Based on social influence theory (SIT) and social capital theory, this paper aims to explore the mediating role of entrepreneurial networks between technological entrepreneurs' political skills and entrepreneurial performance and whether market dynamics positively moderates this relationship.
This study collected data from 454 technological entrepreneurs in Beijing, Shanghai, Hangzhou, Guangzhou, Zhengzhou in China and examined four hypotheses by hierarchical regression analysis and bootstrapping analysis in an empirical design.
Results reveal that technological entrepreneurs' political skills not only have a direct positive impact on entrepreneurial performance (β = 0.544, t = 12.632, p < 0.001), but also have an indirect positive impact on entrepreneurial performance through entrepreneurial networks (β = 0.473, t = 10.636, p < 0.001). Entrepreneurial networks play a mediating role between entrepreneurs' political skills and entrepreneurial performance with 95% bias-corrected confidence intervals [0.034, 0.015]. Market dynamics plays a moderating role in the relationship among technological entrepreneurs' political skills, entrepreneurial networks and entrepreneurial performance (entrepreneurial performance: β = 0.190, t = 4.275, p < 0.001; entrepreneurial networks: β = 0.135, t = 4.455, p < 0.001). When market dynamics is high, technological entrepreneurs' political skills have a significant positive effect on entrepreneurial networks (simple slope = 0.309, t = 7.656, p < 0.001); but when market dynamics is low, there is no significant correlation between political skills and entrepreneurial networks (simple slope = 0.039, t = 0.966, p > 0.05).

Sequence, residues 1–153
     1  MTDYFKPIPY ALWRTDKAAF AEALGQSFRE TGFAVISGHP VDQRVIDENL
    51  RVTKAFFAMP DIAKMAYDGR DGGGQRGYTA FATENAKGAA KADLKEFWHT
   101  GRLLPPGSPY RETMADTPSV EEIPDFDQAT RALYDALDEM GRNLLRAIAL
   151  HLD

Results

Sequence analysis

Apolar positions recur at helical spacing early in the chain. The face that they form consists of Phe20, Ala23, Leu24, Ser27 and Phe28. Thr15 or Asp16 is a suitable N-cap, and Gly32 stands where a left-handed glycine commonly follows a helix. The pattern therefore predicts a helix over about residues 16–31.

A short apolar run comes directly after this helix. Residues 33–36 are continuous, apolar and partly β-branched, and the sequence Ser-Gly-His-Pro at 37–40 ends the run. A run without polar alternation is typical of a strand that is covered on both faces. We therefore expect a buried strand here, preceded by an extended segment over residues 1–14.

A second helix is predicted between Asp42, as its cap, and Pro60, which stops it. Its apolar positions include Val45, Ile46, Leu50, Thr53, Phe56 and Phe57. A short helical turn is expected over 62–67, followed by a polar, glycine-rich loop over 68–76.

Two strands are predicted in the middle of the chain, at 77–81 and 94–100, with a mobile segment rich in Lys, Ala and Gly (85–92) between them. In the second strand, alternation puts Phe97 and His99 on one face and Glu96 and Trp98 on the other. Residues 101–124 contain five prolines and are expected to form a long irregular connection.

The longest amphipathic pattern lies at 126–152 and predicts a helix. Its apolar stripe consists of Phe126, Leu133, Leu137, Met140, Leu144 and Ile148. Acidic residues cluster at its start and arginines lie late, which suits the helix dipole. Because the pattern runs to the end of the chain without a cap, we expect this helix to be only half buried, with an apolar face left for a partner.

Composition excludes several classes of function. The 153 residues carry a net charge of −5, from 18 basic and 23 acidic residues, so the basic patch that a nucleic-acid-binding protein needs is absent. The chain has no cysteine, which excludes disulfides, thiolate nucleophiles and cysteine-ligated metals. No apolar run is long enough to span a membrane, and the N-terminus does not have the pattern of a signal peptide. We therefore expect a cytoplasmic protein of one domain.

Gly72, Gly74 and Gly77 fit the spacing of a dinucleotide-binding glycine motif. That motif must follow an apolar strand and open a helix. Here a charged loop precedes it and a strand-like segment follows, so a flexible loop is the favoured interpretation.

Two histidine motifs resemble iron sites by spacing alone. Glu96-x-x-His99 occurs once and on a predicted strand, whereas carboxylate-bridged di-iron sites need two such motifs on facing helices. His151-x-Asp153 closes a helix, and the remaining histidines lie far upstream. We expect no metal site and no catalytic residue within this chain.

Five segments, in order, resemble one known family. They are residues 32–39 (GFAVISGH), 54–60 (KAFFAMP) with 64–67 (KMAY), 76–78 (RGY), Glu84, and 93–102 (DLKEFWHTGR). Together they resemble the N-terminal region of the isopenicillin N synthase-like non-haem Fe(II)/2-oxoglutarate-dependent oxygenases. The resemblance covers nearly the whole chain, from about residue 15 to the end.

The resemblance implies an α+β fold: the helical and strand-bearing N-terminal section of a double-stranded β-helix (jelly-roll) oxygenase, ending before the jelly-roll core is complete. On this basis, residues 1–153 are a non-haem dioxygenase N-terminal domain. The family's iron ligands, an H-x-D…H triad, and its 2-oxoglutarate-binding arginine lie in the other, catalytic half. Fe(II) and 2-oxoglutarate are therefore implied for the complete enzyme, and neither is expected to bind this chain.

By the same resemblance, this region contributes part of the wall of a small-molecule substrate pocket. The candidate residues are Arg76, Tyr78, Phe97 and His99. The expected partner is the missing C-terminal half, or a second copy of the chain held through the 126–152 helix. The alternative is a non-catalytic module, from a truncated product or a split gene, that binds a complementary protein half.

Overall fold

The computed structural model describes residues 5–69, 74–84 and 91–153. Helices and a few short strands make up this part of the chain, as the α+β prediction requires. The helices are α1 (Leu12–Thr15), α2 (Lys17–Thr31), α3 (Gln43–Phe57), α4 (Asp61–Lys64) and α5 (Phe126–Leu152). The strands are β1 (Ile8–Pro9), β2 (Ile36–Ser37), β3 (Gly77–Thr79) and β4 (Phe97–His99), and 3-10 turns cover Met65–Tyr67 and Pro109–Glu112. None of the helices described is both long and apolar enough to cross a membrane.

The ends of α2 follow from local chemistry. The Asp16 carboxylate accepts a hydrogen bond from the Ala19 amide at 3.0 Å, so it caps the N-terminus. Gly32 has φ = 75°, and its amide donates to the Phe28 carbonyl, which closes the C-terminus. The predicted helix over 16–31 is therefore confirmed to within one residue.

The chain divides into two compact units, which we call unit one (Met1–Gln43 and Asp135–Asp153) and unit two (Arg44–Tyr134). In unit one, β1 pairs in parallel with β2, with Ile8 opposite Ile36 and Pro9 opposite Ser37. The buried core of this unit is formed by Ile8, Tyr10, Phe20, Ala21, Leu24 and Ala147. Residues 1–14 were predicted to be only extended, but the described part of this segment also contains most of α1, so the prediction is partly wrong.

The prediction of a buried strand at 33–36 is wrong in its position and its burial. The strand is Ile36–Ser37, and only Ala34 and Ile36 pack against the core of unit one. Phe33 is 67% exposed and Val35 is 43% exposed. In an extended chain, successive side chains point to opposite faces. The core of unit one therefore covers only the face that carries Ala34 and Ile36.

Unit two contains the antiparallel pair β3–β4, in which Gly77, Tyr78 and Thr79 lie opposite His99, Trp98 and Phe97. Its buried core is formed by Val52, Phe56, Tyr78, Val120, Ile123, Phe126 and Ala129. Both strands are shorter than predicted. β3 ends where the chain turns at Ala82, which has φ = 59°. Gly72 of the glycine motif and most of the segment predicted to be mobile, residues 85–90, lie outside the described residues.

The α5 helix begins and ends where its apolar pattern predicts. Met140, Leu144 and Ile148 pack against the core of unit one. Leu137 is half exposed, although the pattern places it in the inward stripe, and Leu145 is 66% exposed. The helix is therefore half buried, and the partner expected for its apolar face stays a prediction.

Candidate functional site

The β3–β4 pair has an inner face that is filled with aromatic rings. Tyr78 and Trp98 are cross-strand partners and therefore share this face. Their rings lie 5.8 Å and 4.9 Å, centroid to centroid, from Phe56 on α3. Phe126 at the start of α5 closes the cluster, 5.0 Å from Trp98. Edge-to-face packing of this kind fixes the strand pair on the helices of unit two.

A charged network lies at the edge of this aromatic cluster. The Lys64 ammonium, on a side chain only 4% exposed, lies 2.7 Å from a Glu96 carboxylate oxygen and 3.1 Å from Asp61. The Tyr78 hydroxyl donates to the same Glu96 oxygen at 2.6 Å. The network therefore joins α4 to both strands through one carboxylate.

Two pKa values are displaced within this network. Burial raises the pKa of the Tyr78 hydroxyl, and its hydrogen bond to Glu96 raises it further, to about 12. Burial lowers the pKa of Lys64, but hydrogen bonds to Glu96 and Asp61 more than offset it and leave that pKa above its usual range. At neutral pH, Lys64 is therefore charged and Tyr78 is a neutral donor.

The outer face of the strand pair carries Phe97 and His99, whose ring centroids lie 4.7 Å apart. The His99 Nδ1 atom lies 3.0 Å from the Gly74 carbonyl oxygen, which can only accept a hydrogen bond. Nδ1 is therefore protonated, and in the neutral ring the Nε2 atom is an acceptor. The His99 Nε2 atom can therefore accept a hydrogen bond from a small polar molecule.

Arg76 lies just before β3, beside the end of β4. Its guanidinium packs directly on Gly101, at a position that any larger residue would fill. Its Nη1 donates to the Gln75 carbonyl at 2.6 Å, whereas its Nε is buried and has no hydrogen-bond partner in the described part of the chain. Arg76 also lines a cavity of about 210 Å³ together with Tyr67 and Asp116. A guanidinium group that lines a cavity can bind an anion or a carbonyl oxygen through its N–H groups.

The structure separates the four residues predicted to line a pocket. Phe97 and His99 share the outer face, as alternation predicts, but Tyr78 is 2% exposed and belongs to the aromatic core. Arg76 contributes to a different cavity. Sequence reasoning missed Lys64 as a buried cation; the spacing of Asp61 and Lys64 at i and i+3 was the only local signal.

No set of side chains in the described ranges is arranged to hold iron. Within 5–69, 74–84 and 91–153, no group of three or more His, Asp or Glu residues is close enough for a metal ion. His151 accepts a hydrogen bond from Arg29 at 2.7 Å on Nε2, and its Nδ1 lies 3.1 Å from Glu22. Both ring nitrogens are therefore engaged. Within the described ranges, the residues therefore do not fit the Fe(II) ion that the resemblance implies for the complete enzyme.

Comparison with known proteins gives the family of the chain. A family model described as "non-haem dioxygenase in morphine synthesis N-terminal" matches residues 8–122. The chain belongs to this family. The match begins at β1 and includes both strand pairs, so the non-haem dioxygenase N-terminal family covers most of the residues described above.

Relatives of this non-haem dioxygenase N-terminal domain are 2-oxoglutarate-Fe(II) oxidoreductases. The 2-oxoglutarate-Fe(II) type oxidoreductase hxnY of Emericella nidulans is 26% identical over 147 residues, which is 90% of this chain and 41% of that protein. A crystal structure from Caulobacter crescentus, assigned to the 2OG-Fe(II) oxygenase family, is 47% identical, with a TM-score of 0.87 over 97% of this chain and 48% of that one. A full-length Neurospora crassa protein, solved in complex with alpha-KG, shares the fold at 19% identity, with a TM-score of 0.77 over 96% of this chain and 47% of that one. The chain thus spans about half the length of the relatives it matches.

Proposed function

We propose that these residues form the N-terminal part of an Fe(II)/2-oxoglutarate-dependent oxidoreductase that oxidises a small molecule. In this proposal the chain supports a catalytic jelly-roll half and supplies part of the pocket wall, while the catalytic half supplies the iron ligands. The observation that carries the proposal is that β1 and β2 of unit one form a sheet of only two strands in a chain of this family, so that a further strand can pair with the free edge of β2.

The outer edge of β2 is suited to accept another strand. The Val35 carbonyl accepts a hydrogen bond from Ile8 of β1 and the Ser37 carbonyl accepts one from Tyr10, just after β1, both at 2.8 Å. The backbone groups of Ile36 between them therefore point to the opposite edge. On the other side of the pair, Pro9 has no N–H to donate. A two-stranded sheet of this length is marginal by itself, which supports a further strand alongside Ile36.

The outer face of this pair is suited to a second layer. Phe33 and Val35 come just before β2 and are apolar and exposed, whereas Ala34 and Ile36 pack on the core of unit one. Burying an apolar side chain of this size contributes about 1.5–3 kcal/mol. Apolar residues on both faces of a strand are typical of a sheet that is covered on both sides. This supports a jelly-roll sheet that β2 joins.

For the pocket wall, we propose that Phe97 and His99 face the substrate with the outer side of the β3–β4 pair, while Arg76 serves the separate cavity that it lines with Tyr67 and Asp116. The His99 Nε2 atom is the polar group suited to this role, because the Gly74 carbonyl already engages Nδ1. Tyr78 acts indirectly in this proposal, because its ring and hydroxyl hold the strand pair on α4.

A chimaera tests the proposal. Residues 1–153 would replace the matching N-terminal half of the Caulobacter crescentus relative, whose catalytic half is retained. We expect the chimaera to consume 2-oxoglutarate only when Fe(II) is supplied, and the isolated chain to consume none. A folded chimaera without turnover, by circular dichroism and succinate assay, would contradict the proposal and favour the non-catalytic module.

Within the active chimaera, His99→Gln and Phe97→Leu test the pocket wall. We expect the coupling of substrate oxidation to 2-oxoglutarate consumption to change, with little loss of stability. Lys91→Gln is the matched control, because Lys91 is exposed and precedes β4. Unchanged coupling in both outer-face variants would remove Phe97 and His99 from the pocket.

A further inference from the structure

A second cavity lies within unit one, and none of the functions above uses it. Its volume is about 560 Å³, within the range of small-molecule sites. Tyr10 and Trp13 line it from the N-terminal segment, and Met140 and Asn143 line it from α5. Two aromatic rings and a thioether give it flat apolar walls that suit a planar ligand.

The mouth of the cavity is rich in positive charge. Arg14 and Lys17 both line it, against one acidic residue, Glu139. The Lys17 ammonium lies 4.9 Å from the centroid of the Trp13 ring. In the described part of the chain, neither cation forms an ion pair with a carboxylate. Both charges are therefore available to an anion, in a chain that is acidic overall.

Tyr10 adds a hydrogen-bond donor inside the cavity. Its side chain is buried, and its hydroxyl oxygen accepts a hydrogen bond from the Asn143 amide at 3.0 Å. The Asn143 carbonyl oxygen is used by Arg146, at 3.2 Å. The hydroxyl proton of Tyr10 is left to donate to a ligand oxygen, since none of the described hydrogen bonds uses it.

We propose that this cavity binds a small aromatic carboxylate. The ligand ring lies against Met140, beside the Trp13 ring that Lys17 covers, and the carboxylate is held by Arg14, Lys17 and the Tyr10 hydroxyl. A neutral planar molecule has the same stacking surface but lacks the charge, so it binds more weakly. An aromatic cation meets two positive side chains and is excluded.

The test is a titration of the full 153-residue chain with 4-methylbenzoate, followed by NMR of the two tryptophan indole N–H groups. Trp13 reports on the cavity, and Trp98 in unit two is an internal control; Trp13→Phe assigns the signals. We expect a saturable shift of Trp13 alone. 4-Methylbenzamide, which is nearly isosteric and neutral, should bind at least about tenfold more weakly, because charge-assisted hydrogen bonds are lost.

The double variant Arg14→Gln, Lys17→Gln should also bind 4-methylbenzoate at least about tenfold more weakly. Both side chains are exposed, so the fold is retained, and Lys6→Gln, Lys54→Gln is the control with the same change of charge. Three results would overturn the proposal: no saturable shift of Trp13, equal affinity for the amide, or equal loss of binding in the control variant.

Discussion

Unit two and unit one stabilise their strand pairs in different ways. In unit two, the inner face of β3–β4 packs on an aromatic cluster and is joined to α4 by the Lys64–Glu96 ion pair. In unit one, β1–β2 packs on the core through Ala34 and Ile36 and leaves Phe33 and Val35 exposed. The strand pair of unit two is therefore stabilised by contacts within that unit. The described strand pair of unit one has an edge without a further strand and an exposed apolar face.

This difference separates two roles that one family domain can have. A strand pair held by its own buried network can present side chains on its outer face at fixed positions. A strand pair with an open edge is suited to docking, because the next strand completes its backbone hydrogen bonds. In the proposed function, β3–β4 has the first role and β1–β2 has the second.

The study relies on self-reported data from single informants. Although the severity of common method bias is tested through two methods, future research designs should avoid the influence of common method bias. Future research should adopt a vertical tracking design, collect data from multiple sources and use subjective assessment and objective indicators to measure variables. In addition, the applicability of the results outside China is worth further empirical exploration. Therefore, the authors hope that future studies can replicate the research to different countries, different cultural backgrounds and different organizational sections to explore the generalizability of the results.
The findings provide useful suggestions for entrepreneurs, who can use political skills to build a strong entrepreneurial network to improve their entrepreneurial performance. The results also suggest that entrepreneurs should pay more attention to cultivating and developing their political skills through methods such as training and practice. In addition, the conclusion is of great implications to enrich the content of entrepreneurship education and guide entrepreneurship practice.
These findings enrich SIT and social capital theory by providing the empirical evidence of the effect of entrepreneurs' political skills on entrepreneurial performance through entrepreneurial network. They also provide deeper insights into market dynamics research by uncovering the moderating role of market dynamics in the relationship between entrepreneurs' political skills, entrepreneurial networks and entrepreneurial performance.
The authors wish to thank the National Social Science Foundation of China (No. 21AZD012). The authors also wish to acknowledge the valuable contributions of companies and individuals who participated in the interviews and surveys.
Zhang, X., Zhou, X., Wang, Q., Zhang, H. and Ju, W. (2022), "Networks open the door to the success of technological entrepreneurship: a perspective on political skills", Kybernetes, Vol. 51 No. 12, pp. 3487-3507. https://doi.org/10.1108/K-01-2021-0050
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